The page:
Is sexual education in Spain adequate?

Sexual health is often ignored in Spanish education. The arguments surrounding this debate (whenever is necessary to implement it in schools or not) consider the protests of traditional families and religious groups that insist that abstinence is the most effective method to fight unwanted pregnancies and STD’s.

Several years of studies and data can prove that the higher percentages of teenage pregnancies and sexually transmitted diseases are in countries where sexual education is seriously lacking, however, governments still struggle to implement measures that will help fight the stigma surrounding it and educate young people in a way that will give them the tools to have a healthy sexual life.

Contraceptive Methods

There is a striking contrast between the Nordic countries and Peninsular countries in their approach to sexuality. In Denmark, for example, external experts such as prostitutes,LGTBQA+ or HIV-positive persons are invited to speak in schools about their experience, and professors are encouraged to speak freely and answer all the questions the students might have. The rates of success are visible, since they have the lowest numbers on HIV and teenage parents. Meanwhile, in Spain, it’s not obligatory to teach it schools.

Sexual education in Spain

The quality of school-based sexuality education only depends of the person who is providing it and not on legal or legislative bases. It also means that the quality of the provision is not always efficient, and in rural areas, information is deficient and frequently shaped by religious groups. The inclusiveness of different sexual orientations, gender, and biological sex are often disregarded by teachers, that focus on hetero-normative relationships, and do not provide a good education for all students.

Different orientations, genders and biological sex

According to the Instituto Nacional de Estatistica, between 2000 and 2008, a total of 1.290 girls with 14 years old or less were mothers. The number grows when analyzing the next age group (15 years old or more), which shows that in the same time period, 4119 teenagers became parents. It’s a concerning number, that increases every year.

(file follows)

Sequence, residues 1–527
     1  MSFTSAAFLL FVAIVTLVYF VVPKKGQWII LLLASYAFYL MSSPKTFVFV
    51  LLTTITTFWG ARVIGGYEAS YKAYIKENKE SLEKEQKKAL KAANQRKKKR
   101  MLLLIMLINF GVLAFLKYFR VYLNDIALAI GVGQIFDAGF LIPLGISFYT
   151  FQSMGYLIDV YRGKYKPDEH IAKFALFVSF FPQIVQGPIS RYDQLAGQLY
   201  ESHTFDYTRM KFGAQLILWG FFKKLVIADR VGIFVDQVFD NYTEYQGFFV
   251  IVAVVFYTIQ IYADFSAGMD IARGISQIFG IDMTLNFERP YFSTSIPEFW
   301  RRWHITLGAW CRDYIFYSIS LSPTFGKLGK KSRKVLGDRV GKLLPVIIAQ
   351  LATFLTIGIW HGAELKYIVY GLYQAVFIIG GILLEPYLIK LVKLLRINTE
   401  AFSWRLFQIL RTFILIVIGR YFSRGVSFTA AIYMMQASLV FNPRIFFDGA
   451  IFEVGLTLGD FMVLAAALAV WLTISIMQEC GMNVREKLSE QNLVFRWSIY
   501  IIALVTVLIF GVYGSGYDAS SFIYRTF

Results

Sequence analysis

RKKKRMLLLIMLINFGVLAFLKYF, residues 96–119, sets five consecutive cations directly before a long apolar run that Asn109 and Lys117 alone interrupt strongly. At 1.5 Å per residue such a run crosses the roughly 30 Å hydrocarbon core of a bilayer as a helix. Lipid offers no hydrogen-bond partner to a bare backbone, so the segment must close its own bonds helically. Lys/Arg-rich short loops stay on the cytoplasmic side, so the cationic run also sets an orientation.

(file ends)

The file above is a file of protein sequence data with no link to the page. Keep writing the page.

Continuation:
The reasons of involuntary pregnancies vary, but it’s roots are on misinformation about contraception due to an insufficient sexuality education; none or limited access to contraception or to family planning associations, in rural areas for example. In addition, teenage pregnancy can be the result of violence against girls (sexual abuse or violence, pedophilia or incest).

Some numbers:

  • When asked about what topic they would like to be more informed, 51.7% of people answered contraceptive methods, and 22.3 reproduction.
  • 38.1 % of people did not use protection on their first sexual encounter.
  • Its estimated that around 150.000 people live with HIV in Spain
  • Only 3.6% of all abortions were made by young women between 16 to 17 years old.

Level of information - Fuente propia

Age of first sexual encounter - Fuente propia

The numbers don’t lie. There’s a need for a shift in the way Spain faces sexual education to prevent the increase of HIV and other sexual transmitted diseases, as well as unplanned pregnancies on teens. The implementation of an inclusive program that teaches the diversity of the human body, consent, sexual pleasure, contraceptives, sexual orientation and STD’s might be the source of a more safe and stable society, where sex is not a taboo and  education is the priority.

Gabriela Pereira



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Escrito por GabrielaFFP el nov 24 2016. Archivado bajo Reportajes. Puedes seguir las respuestas de esta entrada por RSS 2.0. Los comentarios y pings están cerrados por el momento.

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